If timing is everything, Jacob Susskind could not have picked a worse time to get hurt on the basketball court.
During a national tournament in Florida prior to his senior year at Golda Och Academy, the star hoopster tore ligaments in his back. Then, in the second game of his final season, he tore his ACL and was finished for the year, scaring off whatever college teams might have been interested in him.
Golda Och fielded a powerhouse team, enjoying successful campaigns during Susskind’s time there under the leadership of legendary coach Sandy Pyonin, who has worked with more than 300 players who eventually went on to NCAA Division I schools and another 30-plus to the NBA through the AAU program, including Kyrie Irving, the 2011-12 Rookie of the Year.
“I learned a lot,” said Susskind, who is carrying a double major in business and finance. “It really helped my skills develop. Always being the tallest one [on his team], I never was a guard-oriented player and he turned me into that kind of player so that I’d be able to play at the next level because everyone was so much bigger.”
Although he received a few offers from Division III schools (D-3 colleges do not offer athletic scholarships), Susskind resigned himself to attending the University of Maryland without sports being on the table.
It was his brother, Ben, who convinced him he had nothing to lose by trying out for the Terrapins as a walk-on. With nothing to lose, Susskind discussed the possibilities with then-coach Gary Williams, who put the freshman through a series of workouts until he was satisfied that Susskind could contribute.
“I was in shock. I really didn’t think that this was ever possible, especially after [the injuries],” said Susskind. “It was an unbelievable thing.” His parents, Jeff and Shari-Beth, “were in shock just as much as I was.”
Like many athletes who enjoyed stardom in high school, Susskind had to adjust to a smaller role; he appeared in 22 games in his four years. “My mother asked me when we were looking at schools, ‘would you want to play here but just be a walk-on and sit on the bench and not play in games,’ I said I would do that, 100 percent because it’s a great experience. Maybe in the first couple of months, it was a little tough just watching, but I’ve accepted my role and over the past four years I’ve helped my teammates prepare for the game and get better.”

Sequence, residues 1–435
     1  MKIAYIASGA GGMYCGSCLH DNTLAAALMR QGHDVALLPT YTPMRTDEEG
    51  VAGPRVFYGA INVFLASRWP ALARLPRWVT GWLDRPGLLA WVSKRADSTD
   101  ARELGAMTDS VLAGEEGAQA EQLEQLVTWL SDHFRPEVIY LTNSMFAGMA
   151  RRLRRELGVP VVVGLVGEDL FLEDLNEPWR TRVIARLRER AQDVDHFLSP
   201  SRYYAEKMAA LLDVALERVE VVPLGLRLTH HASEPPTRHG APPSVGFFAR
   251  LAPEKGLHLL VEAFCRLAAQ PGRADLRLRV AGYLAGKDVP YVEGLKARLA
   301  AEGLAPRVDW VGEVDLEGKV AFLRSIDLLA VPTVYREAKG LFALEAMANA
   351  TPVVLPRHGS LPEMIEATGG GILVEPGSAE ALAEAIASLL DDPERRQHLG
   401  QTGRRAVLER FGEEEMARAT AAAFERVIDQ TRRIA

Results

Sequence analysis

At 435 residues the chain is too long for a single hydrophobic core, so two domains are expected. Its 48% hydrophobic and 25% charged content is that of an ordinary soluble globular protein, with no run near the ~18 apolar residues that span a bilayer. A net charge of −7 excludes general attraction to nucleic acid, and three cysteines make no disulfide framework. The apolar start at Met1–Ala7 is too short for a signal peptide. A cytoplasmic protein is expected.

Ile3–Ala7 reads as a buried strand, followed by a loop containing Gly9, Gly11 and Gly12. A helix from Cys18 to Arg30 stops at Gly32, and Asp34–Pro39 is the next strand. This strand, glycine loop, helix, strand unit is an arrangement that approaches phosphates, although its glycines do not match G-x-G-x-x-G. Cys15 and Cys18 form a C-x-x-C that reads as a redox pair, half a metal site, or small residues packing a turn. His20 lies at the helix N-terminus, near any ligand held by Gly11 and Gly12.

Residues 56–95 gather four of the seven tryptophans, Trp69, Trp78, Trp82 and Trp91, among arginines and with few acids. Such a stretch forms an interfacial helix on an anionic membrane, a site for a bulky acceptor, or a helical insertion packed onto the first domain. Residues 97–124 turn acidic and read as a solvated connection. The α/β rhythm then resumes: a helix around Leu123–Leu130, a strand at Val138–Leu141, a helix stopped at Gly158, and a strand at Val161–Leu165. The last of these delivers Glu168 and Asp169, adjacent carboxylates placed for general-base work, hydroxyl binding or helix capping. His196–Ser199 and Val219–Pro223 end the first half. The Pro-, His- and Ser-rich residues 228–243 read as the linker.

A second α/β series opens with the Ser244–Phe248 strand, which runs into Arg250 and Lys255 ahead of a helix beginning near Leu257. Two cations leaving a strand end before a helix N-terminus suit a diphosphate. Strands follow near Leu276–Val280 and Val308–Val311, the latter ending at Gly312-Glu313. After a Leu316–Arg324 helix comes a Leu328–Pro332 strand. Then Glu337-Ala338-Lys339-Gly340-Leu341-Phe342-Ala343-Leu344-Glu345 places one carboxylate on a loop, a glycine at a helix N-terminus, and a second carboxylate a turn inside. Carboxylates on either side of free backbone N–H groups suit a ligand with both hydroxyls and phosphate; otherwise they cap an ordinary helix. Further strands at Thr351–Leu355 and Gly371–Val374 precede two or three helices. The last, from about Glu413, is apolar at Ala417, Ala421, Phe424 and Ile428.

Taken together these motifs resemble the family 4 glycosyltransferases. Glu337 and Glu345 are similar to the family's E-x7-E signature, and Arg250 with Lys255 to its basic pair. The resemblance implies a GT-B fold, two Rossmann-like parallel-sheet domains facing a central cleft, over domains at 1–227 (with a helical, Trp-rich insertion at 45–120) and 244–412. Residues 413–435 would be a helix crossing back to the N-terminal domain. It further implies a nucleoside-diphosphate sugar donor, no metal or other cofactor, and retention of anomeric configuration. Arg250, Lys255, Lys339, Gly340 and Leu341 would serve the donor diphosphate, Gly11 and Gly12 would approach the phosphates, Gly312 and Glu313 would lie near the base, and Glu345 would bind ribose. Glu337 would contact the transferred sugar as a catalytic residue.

The Terrapins beat the Nebraska Cornhuskers, 64-61 on Sunday, to complete one of their best seasons in school history. As of this writing, the team is ranked in eighth place in the Coaches Poll and will almost assuredly end up in the NCAA tournament when the selections are made on March 15. “It’s definitely very exciting, something we’re all looking forward to,” he said. “It’s a good way to go out.”
Susskind has been active in Hillel, Chabad, and a Jewish fraternity while attending UM. The recent anti-Jewish/anti-Israel sentiments which have been a scourge on many campuses in recent years has never been a problem, he said. “Maryland has a huge, huge Jewish population, so we don’t see a lot of that.”
He also appreciated the diversity of the basketball team. “A lot of them ask me questions about [Judaism], what you do during the holidays, why do you do this, why do you do that, and I also do the same thing, even though I grew up with a lot of people who are Christian.”
Susskind said he isn’t seriously pursuing a professional sports career after graduation. “I have been talking to a few people about it and what my next step would be if I were to go that route. I’m kind of playing it by ear. Once the season is over, I’ll send some game films to an agent and some Israeli teams , but I don’t know what will happen with that….”
Given how he beat the odds in making the Terrapins, you wouldn’t want to bet against him.